I have several F# codebases with reasonably high level of complexity of code. In order to convince myself that the code is solid I do whatever I can to write as much of it as possible type-driven and pure (up to what I am able to determine is pure without much help from the compiler) and unit test it like crazy (thanks, FsCheck & Expecto). The style that has got me the furthest within the infuriating constrains of F# is to use a command/query DSL. The queries take a shape like:

type Query<'a> =
  | GetMyFoo of (Foo -> 'a)
  | GetMyBarById of Guid*(Bar -> 'a)
  | GetMeNBazs of int*(list<Baz> -> 'a)

and so on. Inevitable I want a functor instance. The queries grow large and the functor instance is very rote, making me long for deriving a la Haskell. More than that though, It doesn't feel like we have separation of concerns here, since we are mingling in the handler of the query results everywhere. I would really like to be able to represent a query not as a functor at all, but simply as a GADT, and have one canonical functor instance for a query paired with a handler (Idris syntax):

record HandledQry (q : Type -> Type)  (a : Type) where
  constructor HandleQry
  qry : q i
  handle : i -> a

whose functor instance I do not mind writing once. Or perhaps I would use a freer monad since the ideas from that paper resonate very much with this. The exact approach, whether to use HandledQry or a freer monad etc. is not the concern of this question; nor how to encode it into F#.

The Meat of It

I have an idea for how to encode simple GADTs in F#. However it does involve some localized exploitation of weaknesses in F#'s type system and some boilerplate code. Given that unsoundness is an excellent way to give rise to bugs, I am not interested in handrolling this F# code: I would like to generate it from a small, specialized DSL, which supports nothing but a subset of GADTs, something like this (contrived syntax similar to Idris):

%given_type Foo
%given_type Guid
%given_type Bar
%given_type (List Baz)

data Query : Type -> Type where
  | GetMyFoo : Query Foo
  | GetMyBarById : Guid -> Query Bar
  | GetMeNBazs : int -> Query (List Baz)

The idea is this. Existing F# types could be declared for use in the DSL as primitives, while being opaque to the DSL's compiler (it knows Foo : Type, and that is all). The DSL's compiler could make sure that the GADT it has been given is sound, and then generate F# code to use it, encapsulating the abuses of F#'s type system. However it is critical to me that the logic of the compiler be sound and based on type theory. To this end, I have been studying up on type theory. I am making progress, but it is a long road, and what we have here in my proposed DSL seems to be an odd mix of relatively few features, and yet those from a somewhat more advanced type system, with more basic features missing. I am not trying to build a full functional language right now and so what I am doing is a bit esoteric and unique.

It seems to me that we do not need:

  • The lambda abstraction. The data constructors' type could be a function type, but functions, with bound parameters and bodies, never occur in any of the code I have as inputs or outputs of the queries so I am not interested in supporting them right now.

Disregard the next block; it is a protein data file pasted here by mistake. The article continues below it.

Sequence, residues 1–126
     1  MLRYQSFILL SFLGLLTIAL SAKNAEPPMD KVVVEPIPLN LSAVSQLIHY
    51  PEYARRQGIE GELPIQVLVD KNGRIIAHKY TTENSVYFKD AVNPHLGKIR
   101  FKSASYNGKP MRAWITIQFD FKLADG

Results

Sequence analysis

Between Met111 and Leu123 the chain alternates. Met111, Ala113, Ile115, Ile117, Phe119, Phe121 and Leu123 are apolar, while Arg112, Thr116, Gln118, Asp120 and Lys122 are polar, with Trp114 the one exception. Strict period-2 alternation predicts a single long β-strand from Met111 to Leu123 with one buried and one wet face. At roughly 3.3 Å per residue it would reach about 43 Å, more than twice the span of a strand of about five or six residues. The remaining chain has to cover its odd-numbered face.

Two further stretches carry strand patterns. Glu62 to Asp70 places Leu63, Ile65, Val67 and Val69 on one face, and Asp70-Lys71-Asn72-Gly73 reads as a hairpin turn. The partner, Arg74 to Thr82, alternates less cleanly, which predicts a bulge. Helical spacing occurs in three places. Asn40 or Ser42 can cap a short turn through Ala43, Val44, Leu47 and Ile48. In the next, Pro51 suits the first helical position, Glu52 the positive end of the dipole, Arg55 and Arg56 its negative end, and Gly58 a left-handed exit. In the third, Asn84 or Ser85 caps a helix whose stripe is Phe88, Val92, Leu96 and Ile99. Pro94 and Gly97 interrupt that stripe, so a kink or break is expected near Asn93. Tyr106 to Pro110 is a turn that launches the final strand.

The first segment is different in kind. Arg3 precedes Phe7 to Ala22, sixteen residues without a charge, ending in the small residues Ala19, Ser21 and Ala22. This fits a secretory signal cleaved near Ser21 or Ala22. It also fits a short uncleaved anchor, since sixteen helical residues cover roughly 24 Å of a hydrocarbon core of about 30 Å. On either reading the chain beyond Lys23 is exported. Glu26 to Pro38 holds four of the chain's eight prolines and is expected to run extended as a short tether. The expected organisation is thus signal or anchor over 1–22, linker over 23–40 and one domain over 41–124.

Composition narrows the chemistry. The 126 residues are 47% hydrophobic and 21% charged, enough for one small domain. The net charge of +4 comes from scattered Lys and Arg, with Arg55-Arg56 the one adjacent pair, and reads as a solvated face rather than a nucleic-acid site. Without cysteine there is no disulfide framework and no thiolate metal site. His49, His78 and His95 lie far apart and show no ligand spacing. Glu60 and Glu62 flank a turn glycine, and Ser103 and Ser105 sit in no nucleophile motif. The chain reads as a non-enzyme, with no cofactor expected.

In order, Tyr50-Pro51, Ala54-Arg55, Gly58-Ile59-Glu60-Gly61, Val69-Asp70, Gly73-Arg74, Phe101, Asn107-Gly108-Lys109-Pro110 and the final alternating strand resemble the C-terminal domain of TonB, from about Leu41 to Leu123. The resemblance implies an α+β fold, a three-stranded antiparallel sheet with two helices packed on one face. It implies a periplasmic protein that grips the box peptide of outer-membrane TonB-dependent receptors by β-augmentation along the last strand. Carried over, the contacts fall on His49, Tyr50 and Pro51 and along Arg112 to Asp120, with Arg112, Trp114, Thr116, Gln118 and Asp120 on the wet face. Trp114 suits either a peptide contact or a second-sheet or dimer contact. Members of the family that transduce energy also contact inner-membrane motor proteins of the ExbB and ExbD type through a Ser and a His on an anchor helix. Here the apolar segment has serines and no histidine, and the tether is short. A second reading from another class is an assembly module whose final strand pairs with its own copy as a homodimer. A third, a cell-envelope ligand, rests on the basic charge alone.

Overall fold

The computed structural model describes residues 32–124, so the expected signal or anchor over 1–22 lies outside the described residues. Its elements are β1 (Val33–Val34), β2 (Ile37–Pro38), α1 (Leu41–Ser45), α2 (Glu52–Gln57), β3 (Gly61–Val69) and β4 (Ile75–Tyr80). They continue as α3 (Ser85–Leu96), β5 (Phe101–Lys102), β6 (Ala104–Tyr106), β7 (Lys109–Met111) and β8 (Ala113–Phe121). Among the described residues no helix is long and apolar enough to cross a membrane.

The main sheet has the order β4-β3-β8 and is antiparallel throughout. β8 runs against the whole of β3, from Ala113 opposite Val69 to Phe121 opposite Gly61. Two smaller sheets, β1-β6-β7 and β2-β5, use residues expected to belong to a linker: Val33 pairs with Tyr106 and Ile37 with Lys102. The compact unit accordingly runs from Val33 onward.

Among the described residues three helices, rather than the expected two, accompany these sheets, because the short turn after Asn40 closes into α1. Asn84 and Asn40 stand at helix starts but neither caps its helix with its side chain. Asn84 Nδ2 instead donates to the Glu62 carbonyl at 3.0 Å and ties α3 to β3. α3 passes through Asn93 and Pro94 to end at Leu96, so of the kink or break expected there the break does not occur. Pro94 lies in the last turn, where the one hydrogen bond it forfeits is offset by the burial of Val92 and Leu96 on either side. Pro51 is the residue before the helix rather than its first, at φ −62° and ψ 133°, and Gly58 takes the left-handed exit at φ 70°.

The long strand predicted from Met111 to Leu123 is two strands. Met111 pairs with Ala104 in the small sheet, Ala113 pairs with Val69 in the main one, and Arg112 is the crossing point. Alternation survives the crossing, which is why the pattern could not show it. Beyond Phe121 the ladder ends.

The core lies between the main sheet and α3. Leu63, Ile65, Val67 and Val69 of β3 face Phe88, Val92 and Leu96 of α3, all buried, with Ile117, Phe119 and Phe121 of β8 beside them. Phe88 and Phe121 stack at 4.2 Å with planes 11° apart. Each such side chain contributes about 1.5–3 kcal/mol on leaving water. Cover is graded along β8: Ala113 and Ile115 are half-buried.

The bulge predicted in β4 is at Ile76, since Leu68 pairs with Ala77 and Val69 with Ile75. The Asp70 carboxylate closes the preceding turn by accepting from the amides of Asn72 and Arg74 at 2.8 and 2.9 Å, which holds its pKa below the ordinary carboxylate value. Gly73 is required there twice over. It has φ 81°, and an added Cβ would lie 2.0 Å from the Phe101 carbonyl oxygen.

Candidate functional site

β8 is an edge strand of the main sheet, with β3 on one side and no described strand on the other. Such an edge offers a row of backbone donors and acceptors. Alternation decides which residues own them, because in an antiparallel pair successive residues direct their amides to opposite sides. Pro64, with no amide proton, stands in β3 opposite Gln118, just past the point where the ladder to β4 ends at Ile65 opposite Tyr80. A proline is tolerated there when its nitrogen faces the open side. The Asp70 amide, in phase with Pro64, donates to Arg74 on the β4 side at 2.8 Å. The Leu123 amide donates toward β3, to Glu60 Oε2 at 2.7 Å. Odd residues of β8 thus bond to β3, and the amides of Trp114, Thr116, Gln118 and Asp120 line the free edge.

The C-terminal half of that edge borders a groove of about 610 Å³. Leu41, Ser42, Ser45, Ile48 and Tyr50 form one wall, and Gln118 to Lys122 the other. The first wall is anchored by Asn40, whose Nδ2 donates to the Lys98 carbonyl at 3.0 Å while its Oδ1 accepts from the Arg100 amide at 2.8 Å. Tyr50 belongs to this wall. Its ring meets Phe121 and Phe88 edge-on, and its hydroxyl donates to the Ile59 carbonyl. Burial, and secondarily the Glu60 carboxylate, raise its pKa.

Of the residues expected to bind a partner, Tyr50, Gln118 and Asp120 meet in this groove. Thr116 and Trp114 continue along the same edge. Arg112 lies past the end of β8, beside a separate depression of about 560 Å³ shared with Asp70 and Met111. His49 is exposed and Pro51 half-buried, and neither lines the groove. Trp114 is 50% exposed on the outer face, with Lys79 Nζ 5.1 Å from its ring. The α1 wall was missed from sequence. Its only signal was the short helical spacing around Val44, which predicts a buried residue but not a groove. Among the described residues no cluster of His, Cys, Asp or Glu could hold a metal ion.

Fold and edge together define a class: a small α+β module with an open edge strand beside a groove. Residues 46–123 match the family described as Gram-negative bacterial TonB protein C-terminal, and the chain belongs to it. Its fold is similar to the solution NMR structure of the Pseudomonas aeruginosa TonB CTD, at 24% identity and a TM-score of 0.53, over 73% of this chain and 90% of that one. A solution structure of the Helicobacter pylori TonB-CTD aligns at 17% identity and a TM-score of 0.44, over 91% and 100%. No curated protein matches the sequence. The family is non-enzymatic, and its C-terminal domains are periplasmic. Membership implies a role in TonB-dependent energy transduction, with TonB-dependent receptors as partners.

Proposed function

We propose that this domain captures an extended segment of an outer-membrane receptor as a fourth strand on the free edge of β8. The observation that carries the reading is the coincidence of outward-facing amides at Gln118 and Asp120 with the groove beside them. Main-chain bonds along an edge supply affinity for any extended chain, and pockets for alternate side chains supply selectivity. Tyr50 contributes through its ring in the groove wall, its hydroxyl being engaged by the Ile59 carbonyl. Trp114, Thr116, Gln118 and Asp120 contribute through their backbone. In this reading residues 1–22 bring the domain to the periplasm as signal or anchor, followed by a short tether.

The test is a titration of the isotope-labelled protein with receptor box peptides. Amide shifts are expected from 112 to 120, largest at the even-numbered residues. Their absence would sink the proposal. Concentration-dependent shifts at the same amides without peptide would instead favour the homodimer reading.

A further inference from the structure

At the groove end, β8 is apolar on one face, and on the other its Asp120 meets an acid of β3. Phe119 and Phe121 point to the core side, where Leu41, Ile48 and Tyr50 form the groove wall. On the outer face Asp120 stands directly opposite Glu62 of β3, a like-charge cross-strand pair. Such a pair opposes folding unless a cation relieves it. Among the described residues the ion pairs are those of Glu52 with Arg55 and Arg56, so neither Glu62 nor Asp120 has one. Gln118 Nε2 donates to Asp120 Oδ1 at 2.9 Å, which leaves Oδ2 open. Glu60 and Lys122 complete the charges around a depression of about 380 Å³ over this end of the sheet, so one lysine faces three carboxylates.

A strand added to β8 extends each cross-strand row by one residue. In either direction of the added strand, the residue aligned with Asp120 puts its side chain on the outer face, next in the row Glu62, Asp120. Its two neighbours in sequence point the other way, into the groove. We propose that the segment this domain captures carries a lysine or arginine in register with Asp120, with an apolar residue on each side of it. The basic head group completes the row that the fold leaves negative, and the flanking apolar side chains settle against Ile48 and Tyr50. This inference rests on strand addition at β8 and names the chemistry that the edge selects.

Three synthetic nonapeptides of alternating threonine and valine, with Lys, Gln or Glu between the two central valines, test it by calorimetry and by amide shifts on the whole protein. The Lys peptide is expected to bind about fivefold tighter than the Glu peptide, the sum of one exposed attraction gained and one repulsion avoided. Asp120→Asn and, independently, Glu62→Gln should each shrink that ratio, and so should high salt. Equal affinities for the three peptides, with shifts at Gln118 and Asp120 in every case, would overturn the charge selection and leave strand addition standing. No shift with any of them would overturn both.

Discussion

• (Full-on) dependent types. I have no idea how to encode a fuller version of dependent types into F#, nor do I have a need for them now (though as I understand it GADTs are a weak species of existential types).
  • Product types (at least for starters). If the query takes multiple inputs, I can just use a curried function and translate it to e.g. int*string when I compile it to F#.
  • Recursive or inductive types. Query should never have to reference itself and the other types are opaque.
  • Parametric polymorphism. The cases of the query can always specific a concrete type for my purposes (and according to what I know how to encode in F#).
  • The rest of an actual lambda calculus; I am only interested in defining types in this DSL (for now).
  • I'm thinking that what I've got here is less than the full power of GADTs even in Haskell.

What I do need is:

  • Sound type judgments, e.g. no Type : Type junk. This has been a stumblingblock in researching this; most intros to dependent types use Type : Type for ease (which I can understand in a tutorial) and I haven't found stuff to introduce just GADTs.
  • At-least-somewhat-generalized algebraic data types.

I believe I am capable of translating whatever the rules are from the syntax of natural deduction into sound Idris code.


What type judgments are needed for a small type system that has only simple GADTs and primitive types?


1 Answer 1


Lennart Augustsson and Kent Petersson 1994 present syntax and type rules for a small functional language which is basically just lambda calculus with GADTs. They have two kinds of judgments, one to indicate that "the expression e has type T in the type environment $\Gamma$" and the other to indicate that "the declaration d generates the type environment $\Gamma$". Using the second they have rules for type declarations and declaration sequencing, i.e. rules giving the ability to define types. Using the first they define typing rules for expressions: variables, constructors, pattern matching, and application.

Note: The paper is marked as DRAFT and does not seem to be as rigorous as some, but nevertheless has much valuable material.


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